Why I Don’t Review On Goodreads Or Amazon

There are a lot of things to like about Goodreads. It is a diverse community and there are many benefits to belonging – finding reviews and recommendations, tracking statistics on your reading, notifications of new releases, a strong author presence – among other things. But there are two gigantic reason why my reviews aren’t found on Goodreads:

  1. I dont like the review system
  2. And, the comments found in those reviews

Most of you who read my reviews know that I don’t use a scoring system. Why is that? Because a scoring system, unless extremely detailed, doesn’t offer any flexibility in assigning book scores. And even if you design in some measure of flexibility – such as a score of 1 to 100, or scoring using multiple categories – defining criteria for a scoring system is difficult to implement consistently. Books must either be compared against other books, or they must be compared against your own internal means of measure, which may be as simple as “I liked it this much”, or it must check off certain boxes to achieve a score.

In a system where the only rating options are 1 to 5 stars, there is a distinct lack of flexibility in assigning a rating. Furthermore, a rating is not an opinion; it is simply a score. There is no context within a score to give the value meaning. Let me use an example I have relied on in the past. Forsaken Kingdom has a total rating of 4.16 on Goodreads, while The Wise Man’s Fear has a total rating of 4.58. Those total scores, however, are disingenuous to my own rating, because I can only leave a score of 1, 2, 3, 4, or 5 in my own review. The Wise Man’s Fear has its flaws and is not a perfect book – I don’t equate it to my “cream of the crop” novels, so let’s say I gave it a 4. Forsaken Kingdom is a novel that plays it safe and doesn’t come close to attempting the depth and lyrical beauty of The Wise Man’s Fear, but isn’t terrible. So that means I should rank it lower but not too low, perhaps a 3. Now along comes The Crown Tower. I feel that it is better than Forsaken Kingdom but not as good as The Wise Man’s Fear. Yet my only scoring options are to make The Crown Tower equal in score to either Forsaken Kingdom or The Wise Man’s Fear, instead of somewhere in between.

This is the problem I have with the “star” scoring system – it allows zero flexibility when scoring books. And let’s face it, the score of a book can often influence its success or failure. Whoever set up the 5 star scoring methodology on Goodreads did the reading community a poor service. Amazon uses the same scoring system. This is primarily the reason why I won’t review on Goodreads or Amazon – I refuse to use that type of a scoring system. Yet on both sites, if I want to leave a review, I must use that system.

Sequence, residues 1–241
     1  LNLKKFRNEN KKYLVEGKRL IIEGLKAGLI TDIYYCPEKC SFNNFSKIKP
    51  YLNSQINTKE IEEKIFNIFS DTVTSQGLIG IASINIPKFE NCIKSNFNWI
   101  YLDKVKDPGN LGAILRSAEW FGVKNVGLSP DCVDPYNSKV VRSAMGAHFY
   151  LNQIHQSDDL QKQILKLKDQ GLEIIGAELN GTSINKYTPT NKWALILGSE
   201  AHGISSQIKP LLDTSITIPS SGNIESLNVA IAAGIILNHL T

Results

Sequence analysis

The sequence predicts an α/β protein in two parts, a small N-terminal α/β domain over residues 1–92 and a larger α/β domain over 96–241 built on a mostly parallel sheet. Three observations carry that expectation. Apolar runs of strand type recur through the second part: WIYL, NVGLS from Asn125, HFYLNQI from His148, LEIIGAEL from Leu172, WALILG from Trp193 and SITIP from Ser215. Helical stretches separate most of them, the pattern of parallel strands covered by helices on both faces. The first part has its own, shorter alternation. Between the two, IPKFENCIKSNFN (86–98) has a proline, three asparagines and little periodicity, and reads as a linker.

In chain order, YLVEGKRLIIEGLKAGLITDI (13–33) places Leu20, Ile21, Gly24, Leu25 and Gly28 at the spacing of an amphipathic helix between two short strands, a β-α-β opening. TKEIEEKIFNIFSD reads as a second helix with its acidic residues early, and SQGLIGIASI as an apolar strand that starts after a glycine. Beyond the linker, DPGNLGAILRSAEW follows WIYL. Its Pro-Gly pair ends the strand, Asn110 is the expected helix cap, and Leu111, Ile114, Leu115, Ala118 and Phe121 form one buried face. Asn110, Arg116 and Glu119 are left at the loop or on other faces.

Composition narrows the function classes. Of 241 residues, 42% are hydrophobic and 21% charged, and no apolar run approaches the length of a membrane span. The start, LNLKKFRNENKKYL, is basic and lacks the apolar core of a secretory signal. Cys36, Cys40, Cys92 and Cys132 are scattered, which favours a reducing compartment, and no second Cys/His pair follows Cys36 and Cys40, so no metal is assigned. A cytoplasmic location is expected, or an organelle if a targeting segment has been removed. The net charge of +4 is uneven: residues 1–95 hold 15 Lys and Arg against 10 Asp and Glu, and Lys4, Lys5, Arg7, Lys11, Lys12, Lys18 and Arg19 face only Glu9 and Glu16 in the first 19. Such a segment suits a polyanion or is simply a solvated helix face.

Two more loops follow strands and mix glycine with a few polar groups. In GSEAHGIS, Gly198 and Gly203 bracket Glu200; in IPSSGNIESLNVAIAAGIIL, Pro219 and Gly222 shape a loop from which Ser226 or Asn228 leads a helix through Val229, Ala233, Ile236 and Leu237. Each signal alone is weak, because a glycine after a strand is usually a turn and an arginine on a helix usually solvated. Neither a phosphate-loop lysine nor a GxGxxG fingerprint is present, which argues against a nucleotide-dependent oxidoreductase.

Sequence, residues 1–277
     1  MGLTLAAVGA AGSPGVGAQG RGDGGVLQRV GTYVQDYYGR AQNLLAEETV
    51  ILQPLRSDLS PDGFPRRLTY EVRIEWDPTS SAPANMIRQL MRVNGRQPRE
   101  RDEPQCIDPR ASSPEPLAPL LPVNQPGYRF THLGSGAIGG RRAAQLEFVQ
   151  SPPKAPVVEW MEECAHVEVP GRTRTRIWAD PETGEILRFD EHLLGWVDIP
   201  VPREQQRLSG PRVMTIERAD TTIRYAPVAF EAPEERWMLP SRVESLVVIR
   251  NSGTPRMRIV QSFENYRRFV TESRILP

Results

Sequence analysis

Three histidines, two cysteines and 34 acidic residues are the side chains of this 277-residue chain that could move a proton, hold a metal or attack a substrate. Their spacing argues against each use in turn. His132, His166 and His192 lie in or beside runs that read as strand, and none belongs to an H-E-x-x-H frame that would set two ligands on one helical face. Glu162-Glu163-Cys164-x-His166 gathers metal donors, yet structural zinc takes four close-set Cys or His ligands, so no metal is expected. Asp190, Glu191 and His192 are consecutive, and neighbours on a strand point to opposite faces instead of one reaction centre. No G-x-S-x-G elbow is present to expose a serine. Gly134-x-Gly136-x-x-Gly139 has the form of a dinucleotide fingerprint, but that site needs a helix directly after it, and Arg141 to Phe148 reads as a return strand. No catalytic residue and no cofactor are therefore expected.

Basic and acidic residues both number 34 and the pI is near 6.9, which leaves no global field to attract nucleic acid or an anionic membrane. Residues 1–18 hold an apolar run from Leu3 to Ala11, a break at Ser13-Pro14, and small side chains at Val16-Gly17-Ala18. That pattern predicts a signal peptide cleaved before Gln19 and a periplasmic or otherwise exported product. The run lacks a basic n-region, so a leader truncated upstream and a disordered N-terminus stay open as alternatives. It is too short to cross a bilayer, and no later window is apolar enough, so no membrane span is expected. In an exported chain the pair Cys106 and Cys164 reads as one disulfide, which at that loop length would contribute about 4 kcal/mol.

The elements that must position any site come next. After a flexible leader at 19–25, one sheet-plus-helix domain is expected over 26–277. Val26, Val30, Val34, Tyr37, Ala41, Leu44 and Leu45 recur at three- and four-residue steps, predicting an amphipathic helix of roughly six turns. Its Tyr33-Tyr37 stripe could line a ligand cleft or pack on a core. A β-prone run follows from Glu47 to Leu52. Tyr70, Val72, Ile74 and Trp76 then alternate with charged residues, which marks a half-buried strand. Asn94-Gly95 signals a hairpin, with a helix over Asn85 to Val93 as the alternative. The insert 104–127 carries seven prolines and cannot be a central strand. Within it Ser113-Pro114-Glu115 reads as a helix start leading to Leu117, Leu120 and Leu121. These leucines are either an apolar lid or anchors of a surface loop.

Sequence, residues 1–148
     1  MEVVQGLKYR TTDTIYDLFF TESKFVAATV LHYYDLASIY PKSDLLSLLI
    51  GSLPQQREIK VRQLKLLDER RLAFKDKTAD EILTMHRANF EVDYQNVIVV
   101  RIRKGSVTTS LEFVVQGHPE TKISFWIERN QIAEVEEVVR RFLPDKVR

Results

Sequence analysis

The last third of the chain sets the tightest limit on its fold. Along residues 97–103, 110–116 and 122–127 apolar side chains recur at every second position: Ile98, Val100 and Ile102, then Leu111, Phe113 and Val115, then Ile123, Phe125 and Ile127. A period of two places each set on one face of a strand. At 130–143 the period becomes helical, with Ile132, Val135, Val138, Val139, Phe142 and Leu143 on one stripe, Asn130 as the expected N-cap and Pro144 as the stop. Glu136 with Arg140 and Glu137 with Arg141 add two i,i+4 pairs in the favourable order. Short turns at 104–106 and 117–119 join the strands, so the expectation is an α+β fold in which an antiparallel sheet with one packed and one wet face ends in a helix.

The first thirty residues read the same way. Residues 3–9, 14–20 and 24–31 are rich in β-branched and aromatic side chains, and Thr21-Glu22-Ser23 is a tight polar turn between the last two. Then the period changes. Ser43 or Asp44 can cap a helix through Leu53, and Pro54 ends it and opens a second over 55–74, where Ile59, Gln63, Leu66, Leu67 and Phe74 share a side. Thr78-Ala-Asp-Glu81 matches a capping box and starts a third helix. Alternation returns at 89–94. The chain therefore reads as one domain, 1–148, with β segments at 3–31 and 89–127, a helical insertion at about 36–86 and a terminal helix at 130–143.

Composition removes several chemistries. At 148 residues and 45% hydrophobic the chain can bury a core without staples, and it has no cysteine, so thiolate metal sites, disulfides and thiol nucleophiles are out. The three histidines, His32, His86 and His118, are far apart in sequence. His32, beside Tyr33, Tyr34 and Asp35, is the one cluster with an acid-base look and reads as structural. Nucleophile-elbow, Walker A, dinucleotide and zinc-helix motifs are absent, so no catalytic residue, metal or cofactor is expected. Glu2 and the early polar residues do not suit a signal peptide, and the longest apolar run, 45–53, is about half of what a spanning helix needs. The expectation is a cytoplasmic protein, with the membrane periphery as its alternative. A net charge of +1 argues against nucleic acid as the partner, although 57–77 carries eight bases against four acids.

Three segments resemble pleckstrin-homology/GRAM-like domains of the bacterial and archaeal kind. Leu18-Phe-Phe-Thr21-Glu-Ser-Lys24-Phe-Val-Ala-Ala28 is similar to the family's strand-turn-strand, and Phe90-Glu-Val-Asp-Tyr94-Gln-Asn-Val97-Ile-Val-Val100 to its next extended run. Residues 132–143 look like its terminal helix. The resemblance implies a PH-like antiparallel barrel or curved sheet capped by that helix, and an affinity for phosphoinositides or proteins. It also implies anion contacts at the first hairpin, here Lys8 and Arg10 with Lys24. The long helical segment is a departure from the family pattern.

The other reason I won’t leave a review on Goodreads has to do with the social media aspect regarding comments on reviews. If I were to post a review, I would expect that like many social media sites where anyone and everyone can leave an opinion, the comments section would degenerate into arguments and name-calling. One need look no further than the reviews of Prince of Thorns. There are so many angry comments about rape, and also people saying things like “I can’t stand to follow a murderous character like Jorg” or “I don’t understand how a fifteen year old boy can be good at all these things.” I can see their viewpoint, and I respect it. I would never try to argue with them that what they are feeling isn’t right. That is their opinion.

Yet in the comments section, arguments and name-calling ensue. To me it seems that many of the reviews or comments missed the entire plot of the book – this boy was merely a tool used by a wizard and had little to no control over his actions. It changes the entire context of the story, yet it is as if none of these people actually read the book, or at least came away with an understanding. It’s far too easy to simply deride and shout down differing opinions, and it’s something I want no part of. At least here on WordPress I can moderate comments and ensure that type of thing doesn’t happen to me.

It’s a shame, because there are a lot of thoughtful and wonderful people on Goodreads that have interesting things to say, and aside from the scoring system, the site has some great features. Yet it is the baseness in the comments section that ruins it for me. If that was the only reason to avoid Goodreads, I could probably overcome it. But added to the scoring system, the site just isn’t a good fit for me. Perhaps one day I will reconsider, but for now I’m happy to stay exclusively right where I’m at.

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